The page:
How do you characterize the spectrum of tones in the poem, "The Author to Her Book" by Anne Bradstreet?
If we assume that the poem is autobiographical, as most people tend to do when reading Anne Bradstreet, her tone initially seems somewhat embarrassed. She feels her work to be the "ill-formed offspring of [her] feeble brain:" a deformed production of her weak intellect. This text was "snatched" by friends who meant well, but they exposed it to the public and had it printed when she was not ready. She says her "blushing was not small," which again implies her embarrassment.
The tone then becomes more than embarrassed, it is even ashamed. She calls her text "a brat" and something that is "unfit for light" with a face that had become "irksome" to her: now she is irritated. Soon, however, because the text is her own, she begins to feel affectionate toward it. She tries to clean it up, though she only sees more defects. Each attempt to fix it only makes it a little worse. She had wanted to "trim" the work in "better dress"—to make it the best it could be—but she has only homely "cloth" to put it in (another self-deprecating reference to her own intellect, which she seems to think is underdeveloped). Ultimately, she is resigned to her limitations, and she hopes that her work will avoid the judgment of critics.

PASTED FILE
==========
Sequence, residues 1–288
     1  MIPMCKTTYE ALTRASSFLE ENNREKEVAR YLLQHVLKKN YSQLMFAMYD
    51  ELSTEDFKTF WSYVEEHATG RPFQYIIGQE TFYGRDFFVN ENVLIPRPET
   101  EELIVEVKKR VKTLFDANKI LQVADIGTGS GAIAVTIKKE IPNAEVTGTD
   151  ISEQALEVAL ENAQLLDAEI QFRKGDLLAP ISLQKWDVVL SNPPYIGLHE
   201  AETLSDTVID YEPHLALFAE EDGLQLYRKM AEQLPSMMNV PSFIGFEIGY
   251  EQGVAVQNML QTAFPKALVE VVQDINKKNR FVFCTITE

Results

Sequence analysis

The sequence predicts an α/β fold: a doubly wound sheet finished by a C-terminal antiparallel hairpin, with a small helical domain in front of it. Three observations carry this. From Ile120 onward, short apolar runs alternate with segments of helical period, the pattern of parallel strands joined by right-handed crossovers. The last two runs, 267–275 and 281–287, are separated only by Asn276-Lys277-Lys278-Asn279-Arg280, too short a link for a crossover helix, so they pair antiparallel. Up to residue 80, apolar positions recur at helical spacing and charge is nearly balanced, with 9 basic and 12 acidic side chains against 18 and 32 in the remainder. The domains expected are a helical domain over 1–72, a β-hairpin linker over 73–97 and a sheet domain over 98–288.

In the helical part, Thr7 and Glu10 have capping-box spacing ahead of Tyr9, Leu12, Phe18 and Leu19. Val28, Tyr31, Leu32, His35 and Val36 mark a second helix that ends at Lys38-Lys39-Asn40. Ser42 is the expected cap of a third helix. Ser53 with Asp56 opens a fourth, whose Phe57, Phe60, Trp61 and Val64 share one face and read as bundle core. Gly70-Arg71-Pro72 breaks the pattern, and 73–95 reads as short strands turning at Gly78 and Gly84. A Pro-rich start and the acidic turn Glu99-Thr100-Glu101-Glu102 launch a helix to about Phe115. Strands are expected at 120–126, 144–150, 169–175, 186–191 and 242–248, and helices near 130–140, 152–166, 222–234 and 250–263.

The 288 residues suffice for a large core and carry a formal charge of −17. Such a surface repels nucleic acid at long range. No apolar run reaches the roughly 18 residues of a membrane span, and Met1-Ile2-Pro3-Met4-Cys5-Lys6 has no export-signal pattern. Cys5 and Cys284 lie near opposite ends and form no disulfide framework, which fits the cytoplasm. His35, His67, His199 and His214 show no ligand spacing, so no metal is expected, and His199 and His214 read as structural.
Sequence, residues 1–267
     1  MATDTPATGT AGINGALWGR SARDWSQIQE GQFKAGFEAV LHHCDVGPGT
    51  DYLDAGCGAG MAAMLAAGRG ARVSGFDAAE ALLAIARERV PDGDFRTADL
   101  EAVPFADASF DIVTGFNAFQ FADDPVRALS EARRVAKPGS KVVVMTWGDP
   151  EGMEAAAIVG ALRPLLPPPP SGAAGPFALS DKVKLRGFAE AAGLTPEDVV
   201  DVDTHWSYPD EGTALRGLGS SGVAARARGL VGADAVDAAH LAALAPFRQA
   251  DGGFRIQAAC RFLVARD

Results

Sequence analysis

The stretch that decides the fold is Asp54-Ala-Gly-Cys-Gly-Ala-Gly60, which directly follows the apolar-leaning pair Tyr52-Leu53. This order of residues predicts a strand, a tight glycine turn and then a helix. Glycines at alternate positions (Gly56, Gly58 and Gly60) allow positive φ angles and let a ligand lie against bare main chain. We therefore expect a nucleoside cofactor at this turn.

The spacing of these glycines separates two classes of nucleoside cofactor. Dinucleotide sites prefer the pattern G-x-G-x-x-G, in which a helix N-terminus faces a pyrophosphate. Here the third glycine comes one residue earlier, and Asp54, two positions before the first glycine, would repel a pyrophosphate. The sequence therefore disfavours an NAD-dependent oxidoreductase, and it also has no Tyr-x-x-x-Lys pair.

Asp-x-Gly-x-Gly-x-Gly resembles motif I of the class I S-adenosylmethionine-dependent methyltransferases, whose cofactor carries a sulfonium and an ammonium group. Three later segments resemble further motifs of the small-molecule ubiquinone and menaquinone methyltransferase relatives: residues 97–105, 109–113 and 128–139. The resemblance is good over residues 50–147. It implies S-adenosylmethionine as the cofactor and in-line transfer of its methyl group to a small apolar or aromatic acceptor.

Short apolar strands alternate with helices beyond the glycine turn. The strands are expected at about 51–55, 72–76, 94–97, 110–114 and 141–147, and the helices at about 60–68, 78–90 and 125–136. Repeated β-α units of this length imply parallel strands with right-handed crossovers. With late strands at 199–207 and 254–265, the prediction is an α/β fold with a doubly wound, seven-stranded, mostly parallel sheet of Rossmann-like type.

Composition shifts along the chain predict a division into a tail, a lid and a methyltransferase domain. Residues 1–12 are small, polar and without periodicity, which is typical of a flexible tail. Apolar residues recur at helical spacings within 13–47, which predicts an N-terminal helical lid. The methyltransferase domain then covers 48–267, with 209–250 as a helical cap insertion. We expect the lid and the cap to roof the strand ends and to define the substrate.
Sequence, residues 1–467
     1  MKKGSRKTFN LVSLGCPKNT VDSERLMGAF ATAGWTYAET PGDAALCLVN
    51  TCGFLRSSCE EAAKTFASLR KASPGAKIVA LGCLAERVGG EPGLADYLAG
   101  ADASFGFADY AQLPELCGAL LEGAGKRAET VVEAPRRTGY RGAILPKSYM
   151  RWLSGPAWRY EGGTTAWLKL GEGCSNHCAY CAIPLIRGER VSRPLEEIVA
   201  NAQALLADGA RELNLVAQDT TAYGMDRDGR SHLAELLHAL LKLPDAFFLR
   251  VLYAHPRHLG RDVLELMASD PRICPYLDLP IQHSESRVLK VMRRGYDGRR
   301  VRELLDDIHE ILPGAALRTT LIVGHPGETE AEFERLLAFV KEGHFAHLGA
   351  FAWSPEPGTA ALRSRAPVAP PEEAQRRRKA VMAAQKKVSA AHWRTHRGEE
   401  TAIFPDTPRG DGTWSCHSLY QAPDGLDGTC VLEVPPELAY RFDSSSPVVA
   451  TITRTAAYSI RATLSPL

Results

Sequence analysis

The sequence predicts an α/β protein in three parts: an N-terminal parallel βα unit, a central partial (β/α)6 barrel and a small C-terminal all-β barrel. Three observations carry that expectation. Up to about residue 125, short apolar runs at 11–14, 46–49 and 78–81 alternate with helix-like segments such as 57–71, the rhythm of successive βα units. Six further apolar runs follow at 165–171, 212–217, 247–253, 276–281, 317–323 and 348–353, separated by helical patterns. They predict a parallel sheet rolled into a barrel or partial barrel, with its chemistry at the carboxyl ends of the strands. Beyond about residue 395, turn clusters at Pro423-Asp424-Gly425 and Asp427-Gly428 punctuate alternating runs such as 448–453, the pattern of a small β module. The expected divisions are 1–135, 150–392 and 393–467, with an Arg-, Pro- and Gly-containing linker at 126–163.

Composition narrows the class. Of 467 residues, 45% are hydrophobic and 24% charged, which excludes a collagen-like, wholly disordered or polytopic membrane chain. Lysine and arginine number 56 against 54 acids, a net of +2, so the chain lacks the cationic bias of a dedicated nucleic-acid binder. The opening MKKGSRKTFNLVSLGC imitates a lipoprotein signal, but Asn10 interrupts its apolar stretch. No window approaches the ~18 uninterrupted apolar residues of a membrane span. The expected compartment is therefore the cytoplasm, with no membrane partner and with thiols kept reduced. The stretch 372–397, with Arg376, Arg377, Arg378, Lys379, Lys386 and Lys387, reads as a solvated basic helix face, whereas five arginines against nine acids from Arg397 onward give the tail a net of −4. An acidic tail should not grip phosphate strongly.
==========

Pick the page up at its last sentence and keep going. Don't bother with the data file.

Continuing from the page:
The tone shifts from frustrated to longing as the author describes the painful process of releasing a work into the world.
Tone is the author’s attitude toward a subject. At the beginning of the poem, the speaker seems frustrated and annoyed. Harsh language like “ill-formed offspring of my feeble brain” is used. As the work is exposed to the world, there is a combination of resentment and worry, as if the work is at once part of her and not.
In the middle of the poem, the speaker begins to take responsibility for the work.
I cast thee by as one unfit for light,
The visage was so irksome in my sight;
Yet being mine own, at length affection would
Thy blemishes amend, if so I could.
Soon she is describing it as a child, and she as its mother. The speaker begins to describe attempts to perfect the book, eventually acknowledging that she had to send it out into the world perhaps before it was ready, because she had no way to make it better.
During the seventeenth century, women had few rights. Women writers were rare, and completely at the mercy of men. Bradstreet's poem demonstrates this conflict.